I once was told that taking things personally is one of the most selfish things a person could do. This statement stuck with me and I found myself sharing it often. Not wanting to be a hypocrite (or selfish), I decided I had better start paying more attention to whether or not I regularly took things personally. To my dismay, I realized that I did…far more often than I wanted to admit. I also found that when I did, I felt bad about myself. I felt bad about other people. I felt bad about the situation. I felt bad about everything. Yuck.
After suffering a bit longer, I decided it was time to stop taking things so damn personally. Here’s what I did….
When my husband made a wisecrack at my expense, I took it as teasing (and actually laughed with him) rather than as him trying to make a point. When a coworker didn’t smile back at me, I told myself he must be having a bad day rather than that he must not like me. When a friend called to cancel happy hour, I believed her reason of being too busy with work rather than feel sorry for myself because she had more important things to do. When my boss gave me feedback on my argumentative communication style, I told myself how lucky I was to have someone who cared enough to help me see how my actions were impacting others rather than get upset with him for not taking my side. When someone didn’t like my idea, I didn’t get my feelings hurt; I told myself I needed to vet my idea more thoroughly and work on my delivery rather than that my teammates were being dismissive because they think I’m stupid.
Do you know what happened? My life dramatically improved. Every time I put a positive spin on my perception of a situation or conversation, I relaxed. I also found it much easier to be accountable for my actions. I became more open to hearing and considering different opinions. I became less attached to my own ideas. It was easier for people to talk to me and give me feedback. I was happier. I think I even became more likable. I know I liked myself a whole lot better.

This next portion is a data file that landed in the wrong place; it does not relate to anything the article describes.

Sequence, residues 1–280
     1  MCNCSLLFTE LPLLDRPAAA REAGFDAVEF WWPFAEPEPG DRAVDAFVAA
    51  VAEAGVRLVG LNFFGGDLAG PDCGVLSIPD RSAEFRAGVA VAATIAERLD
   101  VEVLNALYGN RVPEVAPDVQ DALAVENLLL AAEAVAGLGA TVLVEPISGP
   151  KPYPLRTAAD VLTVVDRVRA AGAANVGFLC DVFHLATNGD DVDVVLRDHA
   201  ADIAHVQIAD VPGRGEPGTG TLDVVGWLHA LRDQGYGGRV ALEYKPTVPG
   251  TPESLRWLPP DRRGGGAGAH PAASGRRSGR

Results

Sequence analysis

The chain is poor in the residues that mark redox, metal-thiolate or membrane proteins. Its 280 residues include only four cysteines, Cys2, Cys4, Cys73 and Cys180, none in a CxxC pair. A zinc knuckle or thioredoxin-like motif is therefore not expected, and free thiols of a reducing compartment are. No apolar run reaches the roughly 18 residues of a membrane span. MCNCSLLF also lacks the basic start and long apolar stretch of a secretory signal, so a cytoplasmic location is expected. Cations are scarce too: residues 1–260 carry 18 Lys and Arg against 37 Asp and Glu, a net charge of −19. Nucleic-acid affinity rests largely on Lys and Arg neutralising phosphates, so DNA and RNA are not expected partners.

I would like to encourage you, too, to stop taking things so personally. You will not only improve your life, but you will also improve the lives of everyone around you. You will be happier. And you being happier makes the world happier. And we all know that the world could use more happiness.
Here are five things you can do to stop taking everything personally:
1. Don’t make other people’s rudeness, grumpiness, curtness, etc. about you. It’s about whatever is going on with them. Smile, internally wish them well and move on.
2. Consider all feedback constructive. The more you get the better you will be, even if the feedback doesn’t feel valid. Make modifications and apologize when necessary. But don’t take any of it personally; instead, be grateful for it.
3. Don’t expect people to read your mind. If you do, you’ll regularly find yourself disappointed. Face it, most of us aren’t psychic so there is no point in expecting others to know what going on inside of you. Always be honest about how you feel and what you are thinking. Candidness matters.
4. Don’t make assumptions. You don’t really know what other people are thinking or feeling so don’t assume. Plus, incorrect assumptions cause undue suffering. If you don’t know, ask. Even if you think you know, ask. Seek to understand.
5. Tell yourself a different story. Each of us views the world through our individual lens. We all have deeply rooted biases and personality types that influence the color, texture, and feel of that lens. Our lenses are shaped by our parents, family, friends, and communities, and by our experiences. How each of us sees the world is very personal and very different. And that’s what makes the human species so amazing. But it’s also our biggest downfall. We fall into the trap of thinking that our thoughts and feelings are THE TRUTH. “I am right and they are wrong.” Even people who are highly self-aware find it difficult to break outside of their own way of thinking. None of us really know THE TRUTH. We really only feel and see our own truths (which may be flat out wrong). So if you are taking something personally, recognize that the story you are telling yourself is just that: a story and there’s a good chance it’s wrong. Why not tell a different story? One that doesn’t involve turning angels into demons.
Not taking things personally takes effort and persistence but it’s worth it. You’ll be much happier and feel better about yourself when you able to let things easily slide off your back. You’ll be more open-minded and better able to take feedback when you let other people have their own opinions without becoming defensive or protective. Life is better when you turn your story from a negative one to a positive one.
Thanks for reading and as always, please comment, like, and share to spread the word.